|Author: Barry Greenstein
Publisher: Last Knight Publishing
Pub. Date: 2005
Book Review: Part 1
There’s more to poker than winning a few pots, as Barry Greenstein surely knows. In Ace on the River, Greenstein offers life and game strategy for the poker player. It’s for all players, beginner through expert, and should be read and absorbed by anyone serious about the game.
Greenstein certainly has the authority to write such a book. Highly regarded among his peers and within the poker world for both his skill and his ethics, Greenstein has been a veteran of the highest cash games for decades while also taking down several important tournament wins. He was one of the leading candidates for induction into the Poker Hall of Fame in 2010, narrowly missing election, and he’s a strong favorite for induction in 2011. He’s thus one of the few people really qualified to write a field guide for living the poker life, which is what Ace on the River surely is. There’s more to poker strategy than playing the hands themselves, and on its release, Ace on the River filled a gap in the poker-strategy field.
The book’s format is simple enough. Following a foreward (by Doyle Brunson) and an introduction, Part 1 of Ace on the River looks at the poker world, as seen through Greenstein’s eyes. A good chunk of the book’s first part is actually a brief Greenstein autobiography, detailing his poker beginnings in the Chicago suburbs, his early successes (and failures), and his eventual migration west to the high-stakes Los Angeles and Las Vegas scenes. This section also details the categories of people you’ll find in the poker world, and delves into the unwritten rules of the game – how to act, in other words. As Greenstein notes in one chapter’s header, “The poker society has its own rules and customs.”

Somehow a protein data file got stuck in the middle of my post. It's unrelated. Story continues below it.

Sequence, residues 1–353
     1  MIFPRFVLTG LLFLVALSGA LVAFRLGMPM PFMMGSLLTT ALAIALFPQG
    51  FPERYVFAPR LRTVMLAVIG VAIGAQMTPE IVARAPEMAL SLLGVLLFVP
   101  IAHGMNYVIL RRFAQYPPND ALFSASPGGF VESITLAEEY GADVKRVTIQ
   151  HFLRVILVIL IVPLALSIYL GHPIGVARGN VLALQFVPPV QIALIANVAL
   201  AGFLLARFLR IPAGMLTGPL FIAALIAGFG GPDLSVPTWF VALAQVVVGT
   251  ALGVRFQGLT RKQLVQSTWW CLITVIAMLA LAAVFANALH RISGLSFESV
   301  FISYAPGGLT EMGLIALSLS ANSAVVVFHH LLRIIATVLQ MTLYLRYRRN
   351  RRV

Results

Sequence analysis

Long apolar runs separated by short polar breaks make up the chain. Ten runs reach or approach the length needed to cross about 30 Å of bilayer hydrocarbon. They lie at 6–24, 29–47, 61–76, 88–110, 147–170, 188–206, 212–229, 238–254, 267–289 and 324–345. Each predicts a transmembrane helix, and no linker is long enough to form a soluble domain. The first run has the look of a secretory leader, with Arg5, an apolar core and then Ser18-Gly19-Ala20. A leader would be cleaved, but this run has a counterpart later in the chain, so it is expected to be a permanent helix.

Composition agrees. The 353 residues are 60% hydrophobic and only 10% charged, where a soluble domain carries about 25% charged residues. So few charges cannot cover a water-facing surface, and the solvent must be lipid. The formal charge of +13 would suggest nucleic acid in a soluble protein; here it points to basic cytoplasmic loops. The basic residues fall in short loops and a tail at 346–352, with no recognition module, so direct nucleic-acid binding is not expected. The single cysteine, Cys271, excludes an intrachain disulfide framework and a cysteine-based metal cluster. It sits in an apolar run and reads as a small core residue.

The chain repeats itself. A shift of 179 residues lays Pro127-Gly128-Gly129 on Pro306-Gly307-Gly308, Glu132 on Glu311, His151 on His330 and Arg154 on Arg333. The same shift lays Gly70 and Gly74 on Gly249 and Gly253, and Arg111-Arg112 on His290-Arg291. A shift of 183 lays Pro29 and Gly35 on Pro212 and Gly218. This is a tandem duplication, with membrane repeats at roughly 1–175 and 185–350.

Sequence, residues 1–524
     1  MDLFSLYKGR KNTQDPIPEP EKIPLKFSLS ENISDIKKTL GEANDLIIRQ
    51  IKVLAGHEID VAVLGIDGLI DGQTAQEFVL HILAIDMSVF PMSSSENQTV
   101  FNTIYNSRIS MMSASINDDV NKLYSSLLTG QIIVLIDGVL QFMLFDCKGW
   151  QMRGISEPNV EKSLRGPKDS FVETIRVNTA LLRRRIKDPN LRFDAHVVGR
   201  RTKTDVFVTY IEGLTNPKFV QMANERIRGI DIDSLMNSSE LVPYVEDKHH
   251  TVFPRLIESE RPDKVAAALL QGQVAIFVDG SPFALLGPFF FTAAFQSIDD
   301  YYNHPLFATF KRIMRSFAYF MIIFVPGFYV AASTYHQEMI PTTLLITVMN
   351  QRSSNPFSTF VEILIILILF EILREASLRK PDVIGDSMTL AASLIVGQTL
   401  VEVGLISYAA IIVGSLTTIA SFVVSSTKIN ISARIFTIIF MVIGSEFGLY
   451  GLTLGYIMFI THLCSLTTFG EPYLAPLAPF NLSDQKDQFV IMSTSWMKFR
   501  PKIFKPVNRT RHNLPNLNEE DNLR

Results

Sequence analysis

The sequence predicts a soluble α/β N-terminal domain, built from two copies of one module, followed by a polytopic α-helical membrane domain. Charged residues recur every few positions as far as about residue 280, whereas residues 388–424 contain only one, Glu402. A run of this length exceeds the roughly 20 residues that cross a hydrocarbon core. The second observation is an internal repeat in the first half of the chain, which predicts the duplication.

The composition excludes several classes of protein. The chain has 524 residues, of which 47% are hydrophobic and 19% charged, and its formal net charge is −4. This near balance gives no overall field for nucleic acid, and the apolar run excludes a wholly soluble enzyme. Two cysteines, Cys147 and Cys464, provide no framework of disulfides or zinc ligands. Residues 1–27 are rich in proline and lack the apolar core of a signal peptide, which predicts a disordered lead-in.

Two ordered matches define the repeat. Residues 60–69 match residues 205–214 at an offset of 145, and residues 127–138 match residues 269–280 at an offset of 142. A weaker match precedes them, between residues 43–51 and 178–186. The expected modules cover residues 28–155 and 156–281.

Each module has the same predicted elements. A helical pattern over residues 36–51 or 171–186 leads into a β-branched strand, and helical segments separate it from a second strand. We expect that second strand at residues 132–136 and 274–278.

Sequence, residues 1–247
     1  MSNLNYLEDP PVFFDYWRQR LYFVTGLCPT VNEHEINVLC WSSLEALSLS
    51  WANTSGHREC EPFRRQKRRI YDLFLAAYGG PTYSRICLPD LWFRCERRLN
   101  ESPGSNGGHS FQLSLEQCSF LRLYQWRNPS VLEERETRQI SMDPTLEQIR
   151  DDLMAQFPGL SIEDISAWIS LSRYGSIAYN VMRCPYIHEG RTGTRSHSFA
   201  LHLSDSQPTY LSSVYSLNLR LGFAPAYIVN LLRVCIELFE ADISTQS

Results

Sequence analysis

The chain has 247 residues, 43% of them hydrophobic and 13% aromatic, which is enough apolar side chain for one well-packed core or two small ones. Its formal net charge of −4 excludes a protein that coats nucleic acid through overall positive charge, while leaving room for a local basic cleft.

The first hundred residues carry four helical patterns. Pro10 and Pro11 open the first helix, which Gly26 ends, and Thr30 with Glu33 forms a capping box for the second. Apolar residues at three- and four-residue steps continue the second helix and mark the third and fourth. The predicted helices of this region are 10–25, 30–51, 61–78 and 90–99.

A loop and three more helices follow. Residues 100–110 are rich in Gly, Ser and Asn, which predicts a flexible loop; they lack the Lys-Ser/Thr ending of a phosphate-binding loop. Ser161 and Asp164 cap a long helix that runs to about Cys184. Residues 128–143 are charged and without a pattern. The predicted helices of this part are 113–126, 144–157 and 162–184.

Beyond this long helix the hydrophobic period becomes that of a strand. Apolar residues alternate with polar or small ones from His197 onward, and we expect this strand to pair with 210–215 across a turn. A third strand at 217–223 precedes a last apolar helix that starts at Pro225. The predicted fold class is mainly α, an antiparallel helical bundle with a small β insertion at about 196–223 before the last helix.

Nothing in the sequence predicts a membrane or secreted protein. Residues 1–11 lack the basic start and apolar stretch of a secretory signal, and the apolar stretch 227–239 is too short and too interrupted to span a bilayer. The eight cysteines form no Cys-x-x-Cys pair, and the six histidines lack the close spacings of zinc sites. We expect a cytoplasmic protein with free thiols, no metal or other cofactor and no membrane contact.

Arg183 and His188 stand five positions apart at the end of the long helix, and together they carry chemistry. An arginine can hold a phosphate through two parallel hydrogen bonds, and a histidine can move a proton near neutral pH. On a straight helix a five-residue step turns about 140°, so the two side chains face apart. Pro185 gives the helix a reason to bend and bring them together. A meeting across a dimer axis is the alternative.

The second part of Ace on the River is its meatiest section, and it’s titled quite simply: “Philosophy”. It’s here where Greenstein begins dissecting the components of the poker lifestyle, both on and off the table. Starting with attitude, Greenstein notes that most people who play poker probably don’t have the personality needed to really succeed at it, and he even includes a brief personality profile test to make the point. From there it’s on to an examination of the 25 traits Greenstein cites as being most important to long-term success, with nothing higher on his list than being psychologically tough and resilient and being honest with oneself and others. Greenstein even lists five traits he think might hinder a poker player, sure to be discussion-worthy should the topic ever arise. Those five include being athletic (this despite poker’s competitive nature), being born to wealth, being highly educated, being compassionate, and being overly confident. Greenstein explains why each of these traits, carried to an extreme, might hinder rather than help the growing poker player.
Is playing poker obsessive or compulsive? Greenstein doesn’t answer the question directly, but notes that many players are borderline compulsive and it’s a trait that needs to be constantly self-monitored. It’s part of his brief delving into brain chemistry, drug and alcohol usage, and related matters. It’s an example of how deep Ace on the Riveroften delves in its effort to make poker players think about more than just the cards. From there the book segues into a discussion on integrity – and often, the lack thereof shown by many players – and Greenstein succinctly notes: “Dishonesty gets in the way of a winning player.”